Review: The Desert Bride is a notably convenient marriage of confusion and contemplative companionship for its wandering heroine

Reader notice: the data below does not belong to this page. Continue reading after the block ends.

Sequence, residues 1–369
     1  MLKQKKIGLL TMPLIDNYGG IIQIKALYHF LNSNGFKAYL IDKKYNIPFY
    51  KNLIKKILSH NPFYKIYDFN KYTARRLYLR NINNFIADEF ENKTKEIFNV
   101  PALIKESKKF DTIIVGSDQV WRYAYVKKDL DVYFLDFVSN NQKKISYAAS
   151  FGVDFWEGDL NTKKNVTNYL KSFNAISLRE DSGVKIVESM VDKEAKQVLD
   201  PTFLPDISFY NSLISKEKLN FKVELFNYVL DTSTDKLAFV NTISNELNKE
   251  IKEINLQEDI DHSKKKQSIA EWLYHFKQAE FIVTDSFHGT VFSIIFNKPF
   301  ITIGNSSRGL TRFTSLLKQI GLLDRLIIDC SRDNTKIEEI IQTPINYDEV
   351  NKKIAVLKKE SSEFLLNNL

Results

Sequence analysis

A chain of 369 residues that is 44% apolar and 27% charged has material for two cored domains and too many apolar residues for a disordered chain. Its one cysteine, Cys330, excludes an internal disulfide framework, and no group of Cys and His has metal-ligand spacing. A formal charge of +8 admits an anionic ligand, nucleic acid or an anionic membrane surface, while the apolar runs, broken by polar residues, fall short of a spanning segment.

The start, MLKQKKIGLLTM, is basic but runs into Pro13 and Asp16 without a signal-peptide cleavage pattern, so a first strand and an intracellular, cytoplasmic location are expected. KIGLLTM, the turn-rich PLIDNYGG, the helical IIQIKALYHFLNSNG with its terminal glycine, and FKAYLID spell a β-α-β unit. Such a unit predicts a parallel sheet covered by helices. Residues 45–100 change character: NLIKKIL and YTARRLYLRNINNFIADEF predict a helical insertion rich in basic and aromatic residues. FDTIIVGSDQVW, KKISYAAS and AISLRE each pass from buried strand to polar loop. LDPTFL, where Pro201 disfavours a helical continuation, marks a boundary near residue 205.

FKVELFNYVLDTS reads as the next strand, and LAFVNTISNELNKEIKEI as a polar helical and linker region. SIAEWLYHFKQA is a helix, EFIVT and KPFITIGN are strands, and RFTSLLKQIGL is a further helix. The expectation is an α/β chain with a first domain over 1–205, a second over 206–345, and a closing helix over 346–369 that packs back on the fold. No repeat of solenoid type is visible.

Argentine co-directors/co-writers Cecila Atwan's and Valeria Pivato's reflective South American arthouse gem The Desert Bride (a.k.a. La Novia del Desierto ) presents an absorbing, truthful, and observational character study of a radiant middle-aged woman forced to embrace unprepared independence after her professional stability collapses leaving her suddenly vulnerable. This low-key, noteworthy soul-searching romancer is undoubtedly profound and passionate in its depiction of a Chilean working-class maid forced to go on an uncertain journey and leave the simple and safe comforts of her existence behind. As inquisitive filmmakers, both Atwan and Pivato skillfully concoct a quiet, sincere and gently witty dramedy that aptly represents new beginnings yet elusive expectations for an exposed woman clinging to her emotional rebound.  The Desert Bride is simply poetic in its search for the security of...

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